DOJ Continues Fight Against New Hampshire Wire Act Assertions
When last US District Court Judge Paul Barbadoro spoke regarding the Wire Act, the oral arguments phase of the proceedings had concluded. Attorneys for the defendants (US Attorney General William Barr and the US Department of Justice) and the plaintiffs (New Hampshire Lottery Commission and NeoPollard Interactive) had made their statements to the judge and fielded questions.
At the end of the hearing, Barbadoro ordered the DOJ to issue another memo to further explain its Wire Act interpretation with respect to its assertion that New Hampshire was not entitled to a declaratory judgment in the case. There was a two-week deadline set by the judge, and the DOJ did file the document memo by April 25.
The DOJ took the opportunity to argue against a declaratory judgment, but it also stated that the state lottery, as well as its employees and vendors, were not immune from prosecution under the Wire Act.
Meanwhile, the DOJ noted that it is still reviewing the applicability of the new Wire Act memo from November 2018 to state lotteries and had not made that decision yet.
The 12-page supplemental memo was filed by the defendants on April 25 by Deputy Assistant AG Hashim Mooppan, Assistant AG Counsel Matthew Glover, Federal Programs Branch Assistant Director John Tyler, and Federal Programs Branch Trial Attorney Steven Myers.
Essentially, the memo reminded the court that the DOJ is still reviewing “whether the Wire Act applies to State lotteries and their vendors” but assured that it would not prosecute any state lotteries or vendors while the review is underway. Plaintiffs, they said, have not pointed to one example of the DOJ prosecuting a state lottery, its employees or vendors under the Wire Act.
To the DOJ, that means the court lacks jurisdiction to resolve the Wire Act’s scope at this time, as there is “no present credible threat of prosecution.”
And with that, the DOJ requested the case be dismissed for lack of standing.
The totality of the argument was stated as:
“The Wire Act applies to ‘(w)hoever being engaged in the business of betting or wagering knowingly uses a wire communication facility’ for certain prohibited purposes. Under the Dictionary Act, ‘unless the context indicates otherwise,’ the terms ‘person’ and ‘whoever’ are defined to ‘include corporations, companies, associations, firms, partnerships, societies, and joint stock companies, as well as individuals.’ The Lottery Commission’s arguments fail to demonstrate that it, its employees, or its vendors fall outside this term in this context.”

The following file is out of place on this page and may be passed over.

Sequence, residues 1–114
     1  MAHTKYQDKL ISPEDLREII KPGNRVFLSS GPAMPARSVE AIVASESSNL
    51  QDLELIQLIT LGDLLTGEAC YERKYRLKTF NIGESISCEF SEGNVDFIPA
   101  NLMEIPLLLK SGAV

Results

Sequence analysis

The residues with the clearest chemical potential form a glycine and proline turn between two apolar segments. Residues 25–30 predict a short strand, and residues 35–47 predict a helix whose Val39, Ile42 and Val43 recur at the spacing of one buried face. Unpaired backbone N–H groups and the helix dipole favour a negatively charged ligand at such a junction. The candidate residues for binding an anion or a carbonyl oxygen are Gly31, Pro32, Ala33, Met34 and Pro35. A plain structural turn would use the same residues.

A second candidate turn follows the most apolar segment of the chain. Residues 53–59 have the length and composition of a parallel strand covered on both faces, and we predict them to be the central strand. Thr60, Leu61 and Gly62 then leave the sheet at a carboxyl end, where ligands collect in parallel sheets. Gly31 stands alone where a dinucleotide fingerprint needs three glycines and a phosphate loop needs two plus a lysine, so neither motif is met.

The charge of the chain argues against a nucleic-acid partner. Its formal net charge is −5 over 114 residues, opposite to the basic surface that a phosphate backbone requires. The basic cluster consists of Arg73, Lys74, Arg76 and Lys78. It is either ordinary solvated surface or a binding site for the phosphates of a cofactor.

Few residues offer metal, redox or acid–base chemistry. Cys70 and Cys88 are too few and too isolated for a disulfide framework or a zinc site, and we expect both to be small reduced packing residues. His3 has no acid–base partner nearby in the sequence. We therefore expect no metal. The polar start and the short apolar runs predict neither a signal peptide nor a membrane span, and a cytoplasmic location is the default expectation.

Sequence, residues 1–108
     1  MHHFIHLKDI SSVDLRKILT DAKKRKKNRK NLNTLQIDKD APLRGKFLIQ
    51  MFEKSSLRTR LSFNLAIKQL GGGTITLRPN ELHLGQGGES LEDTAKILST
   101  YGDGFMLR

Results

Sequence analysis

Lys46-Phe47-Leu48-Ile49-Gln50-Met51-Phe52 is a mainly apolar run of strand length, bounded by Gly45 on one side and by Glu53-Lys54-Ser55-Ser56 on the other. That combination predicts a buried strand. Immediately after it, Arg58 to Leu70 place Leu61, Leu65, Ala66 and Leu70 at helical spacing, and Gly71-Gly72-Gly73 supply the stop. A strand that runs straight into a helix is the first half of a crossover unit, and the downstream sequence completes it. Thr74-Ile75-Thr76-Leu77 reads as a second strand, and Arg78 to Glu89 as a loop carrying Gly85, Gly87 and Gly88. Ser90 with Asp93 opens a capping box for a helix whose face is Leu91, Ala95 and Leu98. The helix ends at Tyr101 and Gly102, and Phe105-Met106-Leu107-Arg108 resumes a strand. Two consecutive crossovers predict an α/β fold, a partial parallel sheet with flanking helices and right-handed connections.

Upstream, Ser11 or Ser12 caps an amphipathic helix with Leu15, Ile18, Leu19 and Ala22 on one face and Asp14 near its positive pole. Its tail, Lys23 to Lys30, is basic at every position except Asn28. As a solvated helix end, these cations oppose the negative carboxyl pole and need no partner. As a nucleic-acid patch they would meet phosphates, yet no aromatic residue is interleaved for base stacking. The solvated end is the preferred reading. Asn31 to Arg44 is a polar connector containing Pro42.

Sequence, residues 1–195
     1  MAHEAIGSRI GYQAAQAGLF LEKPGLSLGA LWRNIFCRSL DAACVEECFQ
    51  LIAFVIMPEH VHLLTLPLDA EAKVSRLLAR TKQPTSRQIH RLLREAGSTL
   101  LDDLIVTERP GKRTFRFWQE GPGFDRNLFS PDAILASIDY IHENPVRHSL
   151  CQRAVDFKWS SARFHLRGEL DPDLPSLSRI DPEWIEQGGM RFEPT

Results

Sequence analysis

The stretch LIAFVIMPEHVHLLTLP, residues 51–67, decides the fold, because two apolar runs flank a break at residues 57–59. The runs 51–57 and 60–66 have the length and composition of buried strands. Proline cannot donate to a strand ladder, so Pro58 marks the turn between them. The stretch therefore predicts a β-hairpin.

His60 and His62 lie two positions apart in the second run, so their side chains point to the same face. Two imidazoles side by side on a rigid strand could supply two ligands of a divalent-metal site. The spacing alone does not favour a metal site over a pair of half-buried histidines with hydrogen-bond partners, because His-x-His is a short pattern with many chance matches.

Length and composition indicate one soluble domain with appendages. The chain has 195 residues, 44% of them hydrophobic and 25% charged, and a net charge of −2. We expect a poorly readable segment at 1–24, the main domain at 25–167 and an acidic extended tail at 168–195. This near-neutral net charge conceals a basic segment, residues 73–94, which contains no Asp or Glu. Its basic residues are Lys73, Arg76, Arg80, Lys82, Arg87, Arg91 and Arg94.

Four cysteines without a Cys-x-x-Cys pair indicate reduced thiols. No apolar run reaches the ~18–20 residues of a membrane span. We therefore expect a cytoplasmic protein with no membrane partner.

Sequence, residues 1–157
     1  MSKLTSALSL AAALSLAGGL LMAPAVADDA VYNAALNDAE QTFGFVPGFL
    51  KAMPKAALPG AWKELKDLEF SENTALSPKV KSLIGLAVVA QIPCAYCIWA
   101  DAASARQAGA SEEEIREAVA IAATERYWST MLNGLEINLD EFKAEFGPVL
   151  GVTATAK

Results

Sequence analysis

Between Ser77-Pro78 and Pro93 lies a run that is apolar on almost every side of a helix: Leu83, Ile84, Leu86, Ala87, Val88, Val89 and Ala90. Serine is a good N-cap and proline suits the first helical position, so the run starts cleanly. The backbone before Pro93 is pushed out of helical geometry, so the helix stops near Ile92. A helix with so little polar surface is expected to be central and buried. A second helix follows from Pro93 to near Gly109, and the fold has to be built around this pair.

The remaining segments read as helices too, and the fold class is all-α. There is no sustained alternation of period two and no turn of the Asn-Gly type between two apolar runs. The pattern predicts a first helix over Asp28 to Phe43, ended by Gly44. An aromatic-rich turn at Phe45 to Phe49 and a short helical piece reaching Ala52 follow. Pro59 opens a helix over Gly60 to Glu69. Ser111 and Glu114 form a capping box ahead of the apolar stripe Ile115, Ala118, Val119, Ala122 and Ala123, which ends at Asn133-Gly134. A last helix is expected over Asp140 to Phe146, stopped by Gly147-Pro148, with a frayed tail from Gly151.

And I find it ironic that the opinion says that we need to rely on the plan language of the Wire Act but earlier says that the DOJ in previous congressional hearings “acknowledged some uncertainty concerning the scope of the Wire Act.” Ambiguous opinion?
— Jennifer Roberts (@JRoVegas) April 26, 2019
The focus on the term “whoever” in the DOJ’s latest court memo comes from some of the oral arguments in the April 11 proceeding. The judge had requested that the New Hampshire Lottery Commission submit a brief regarding the term and to whom it appears to apply via the Wire Act.
The wording in the Wire Act states that prohibited activities apply to “whoever” is “engaged in the business of betting or wagering” from “knowingly us(ing) a wire communication facility to transmit gambling information.” But the term “whoever” is not defined.
The commission did file that response on April 18 with its own 12-page memo, asserting that the court should declare that the “NHLC and its officials, employees, and private vendors and agents do not constitute ‘whoever’ under 18 U.S.C. § 1084 when working to carry out the official functions of the NHLC for the State of New Hampshire pursuant to valid State law.”
Essentially, the DOJ is claiming the term is all-inclusive, and the NHLC is requesting that the court declare the opposite.
I likened it to pointing a gun at someone and telling them, "I'm currently reviewing if I'm going to shoot you, so at the moment there's no credible threat on your life."
— Steve Ruddock (@SteveRuddock) April 26, 2019
Expect More Soon
Since the DOJ was the last to file a memo, it seems that the NHLC will be able to file a response. At that point, Barbadoro will take everything under advisement and likely begin writing a decision.
Barbadoro is likely to render a final ruling sometime in May. This will also fit into the timeline established by the DOJ itself, as Deputy Attorney General Rod Rosenstein delayed implementation of the new Wire Act interpretation until mid-June. And considering the DOJ is reviewing its own interpretation of the Wire Act, there are quite a few pieces that will need to come together within the coming month.
Even so, the case could easily be pushed forward per Barbadoro’s own words during oral arguments:
“I have a strong feeling that however I resolve this case, or however the First Circuit resolves this case, it is likely going to be resolved by the US Supreme Court either way.”
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